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getting in touch with my inner colorado girl


Two days, three mountains

Sometimes I’m a little ambitious with the schedule I create for my life. Like this past weekend, when I hiked three 14ers. Spoiler – I did make it in one piece – but I’m definitely taking next weekend off.

Three summits in two days. No big deal.

The summit fever started with Mount Shavano and Tabeguache Peak on Saturday with my friends Britt and Molly. We met Friday night in Salida for some pizza and beers at Amica’s. Aligning with the overall theme of my weekend, we were a little overambitious with our pizza order. Perhaps we should have only ordered two pizzas.

This is what overambition looks like.

After eating as much pizza as we could, we headed to the trailhead to camp for the night. Again, we were a little hasty in our campsite selection, and as it turns out sleeping on a slope is not a great idea. Following a throughly unsatisfactory amount of sleep, I woke Britt up with “Make a Man Out of You” on my iPhone because I am a great friend like that.

Mulan = personal hero.

The trail for Shav/Tab, as all the cool kids call Mount Shavano and Tabeguache Peak, starts under 10,000 feet, and I knew we were going to be in for a climb. Overall the entire hike had 5,600 feet of elevation gain. And okay fine I only called it Shav/Tab because I had no idea how to actually pronounce Tabeguache.

 Even compared to La Plata Peak, the elevation gain for Shav/Tab was pretty extreme. To make matters more challenging, once we got up to the final ridge before the push to the summit, the wind started ripping. It was at least 25 MPH. I would even say 40 MPH.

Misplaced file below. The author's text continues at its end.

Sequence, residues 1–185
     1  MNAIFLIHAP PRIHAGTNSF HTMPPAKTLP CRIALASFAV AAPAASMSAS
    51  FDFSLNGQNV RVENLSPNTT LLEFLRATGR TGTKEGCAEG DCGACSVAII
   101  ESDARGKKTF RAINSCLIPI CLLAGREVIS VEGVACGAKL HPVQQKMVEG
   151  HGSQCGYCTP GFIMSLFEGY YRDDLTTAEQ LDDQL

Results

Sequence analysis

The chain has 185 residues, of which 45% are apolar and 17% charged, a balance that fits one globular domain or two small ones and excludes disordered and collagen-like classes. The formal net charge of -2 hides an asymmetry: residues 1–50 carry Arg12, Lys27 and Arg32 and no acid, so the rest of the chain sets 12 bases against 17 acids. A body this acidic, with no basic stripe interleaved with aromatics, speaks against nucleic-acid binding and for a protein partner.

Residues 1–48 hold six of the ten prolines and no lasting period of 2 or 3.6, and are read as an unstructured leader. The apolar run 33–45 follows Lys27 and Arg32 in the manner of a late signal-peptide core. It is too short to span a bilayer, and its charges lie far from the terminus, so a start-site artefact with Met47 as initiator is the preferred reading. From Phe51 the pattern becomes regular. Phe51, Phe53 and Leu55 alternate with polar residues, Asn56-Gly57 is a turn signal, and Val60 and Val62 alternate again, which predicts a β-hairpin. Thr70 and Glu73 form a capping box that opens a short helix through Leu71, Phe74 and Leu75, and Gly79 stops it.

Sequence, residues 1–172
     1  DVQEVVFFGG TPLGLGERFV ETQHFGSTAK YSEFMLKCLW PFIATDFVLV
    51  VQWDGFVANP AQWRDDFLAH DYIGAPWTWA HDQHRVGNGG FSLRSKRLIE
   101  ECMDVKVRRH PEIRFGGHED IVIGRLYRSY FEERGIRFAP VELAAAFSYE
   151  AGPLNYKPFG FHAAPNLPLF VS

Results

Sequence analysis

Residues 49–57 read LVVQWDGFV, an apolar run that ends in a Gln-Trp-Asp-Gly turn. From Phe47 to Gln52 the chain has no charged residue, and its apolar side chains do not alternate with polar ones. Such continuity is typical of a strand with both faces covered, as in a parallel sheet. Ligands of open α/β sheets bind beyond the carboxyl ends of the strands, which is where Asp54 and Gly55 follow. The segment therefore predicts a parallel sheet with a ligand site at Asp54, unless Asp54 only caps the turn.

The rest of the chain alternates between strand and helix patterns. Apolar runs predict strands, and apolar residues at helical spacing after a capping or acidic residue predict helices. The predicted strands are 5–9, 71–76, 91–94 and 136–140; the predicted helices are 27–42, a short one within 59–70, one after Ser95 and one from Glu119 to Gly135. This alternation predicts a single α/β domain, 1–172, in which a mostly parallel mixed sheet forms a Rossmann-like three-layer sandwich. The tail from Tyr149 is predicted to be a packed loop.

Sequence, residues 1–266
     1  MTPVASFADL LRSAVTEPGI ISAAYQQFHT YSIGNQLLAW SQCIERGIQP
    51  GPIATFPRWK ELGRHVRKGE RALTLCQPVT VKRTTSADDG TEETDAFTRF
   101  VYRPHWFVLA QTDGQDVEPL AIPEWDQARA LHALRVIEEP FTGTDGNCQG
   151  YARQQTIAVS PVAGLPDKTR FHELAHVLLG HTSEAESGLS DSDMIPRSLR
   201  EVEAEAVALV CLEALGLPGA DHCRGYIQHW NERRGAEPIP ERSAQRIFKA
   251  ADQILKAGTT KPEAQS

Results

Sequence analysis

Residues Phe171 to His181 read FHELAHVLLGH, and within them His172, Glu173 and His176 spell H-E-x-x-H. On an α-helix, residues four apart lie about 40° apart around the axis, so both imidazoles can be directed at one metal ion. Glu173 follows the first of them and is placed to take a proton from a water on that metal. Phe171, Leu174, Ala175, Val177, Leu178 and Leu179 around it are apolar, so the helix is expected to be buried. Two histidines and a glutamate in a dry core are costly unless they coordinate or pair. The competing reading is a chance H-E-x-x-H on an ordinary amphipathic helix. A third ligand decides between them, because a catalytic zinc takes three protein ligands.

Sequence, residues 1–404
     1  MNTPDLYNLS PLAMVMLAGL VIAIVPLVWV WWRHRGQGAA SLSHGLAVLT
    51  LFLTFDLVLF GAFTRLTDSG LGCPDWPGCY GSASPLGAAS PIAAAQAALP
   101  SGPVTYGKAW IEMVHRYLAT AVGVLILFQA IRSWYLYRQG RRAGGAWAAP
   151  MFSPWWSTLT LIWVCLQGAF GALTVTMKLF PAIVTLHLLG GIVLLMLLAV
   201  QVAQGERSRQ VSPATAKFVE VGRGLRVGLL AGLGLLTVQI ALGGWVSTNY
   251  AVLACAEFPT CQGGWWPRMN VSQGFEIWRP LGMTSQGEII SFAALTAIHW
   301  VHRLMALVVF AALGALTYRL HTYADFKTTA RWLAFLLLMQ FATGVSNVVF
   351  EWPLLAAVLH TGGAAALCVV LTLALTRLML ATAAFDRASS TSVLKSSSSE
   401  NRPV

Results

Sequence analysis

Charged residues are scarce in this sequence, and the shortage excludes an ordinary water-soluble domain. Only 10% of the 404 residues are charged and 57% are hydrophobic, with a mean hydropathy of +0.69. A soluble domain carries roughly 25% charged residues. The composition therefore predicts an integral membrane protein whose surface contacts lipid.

Trying not to blow away.

We persevered through the wind and made it up to the summit eventually.

Shavano Summit.

View from the summit.

From Shavano, it was a mile hike with 500 feet elevation gain to Tabeguache. The bummer was that the only way back from Tabeguache was to resummit Shavano. Molly and I are apparently masochists, so we decided that adding two additional descents and ascents to bag another peak would be worth it. And it was.

Looking at Tab from the saddle between the peaks.

Tabeguache Peak, my 15th career 14er.

The tricky thing with all 14ers is that making it to the summit is only half the battle. The hike down from the peak can also be a killer. I had a headache all morning but thought it was due to not having coffee. (I’m definitely a 3-4 cup a day kind of girl.) On the hike down from Shavano, my headache worsened. I’ve never had a migraine, but I imagine it’s probably similar to that. I think I was just severely dehydrated. Either way though, I don’t ever recommend hiking down 5,600 feet of elevation with a pounding headache. When we got back to the lower trailhead, I definitely hugged the sign.

So happy.

Clearly two mountain peaks in one weekend was just not enough! After I spent a really exciting Saturday night back in Denver ordering Thai food and going to bed early, I woke up bright and early the next day for a 14er with my friends Amy and Joel. Amy and Joel had never done a 14er before, so I was going along basically to assure them that being out of breath and questioning why you are voluntarily putting yourself through walking up a mountain is a totally normal part of the 14er experience.

“There are no easy 14ers.” That’s my line!

For Amy and Joel’s first 14er, we chose Quandary Peak, which I hiked last summer. The motivation for choosing Quandary was also that we would then be close to lots of places to grab a beer after we finished the hike. I was kind of worried that maybe I would feel Shav/Tab from the day before, but luckily I felt just fine. Amy and Joel were champs too, and we made it up to the summit in good time.

The first of many 14ers for Amy and Joel!

The view was kind of hazy from the top, which was a bummer, but I took Amy and Joel’s Christmas card 2012 photo and witnessed Amy discovering her spirit animal, the pika, so it was still a productive hike. There were definitely some serious discussions about whether or not you could have a pika as a pet among our group.

Google searches that Paula does.

We followed up Quandary Peak with beers and burgers at Dillon Dam Brewery before heading back to Denver. Getting to eat copious amounts of food was definitely the benefit of doing three 14ers in one weekend. I promise you, french fries have never tasted better to me than they did after finishing Quandary Peak, the third 14er of the weekend.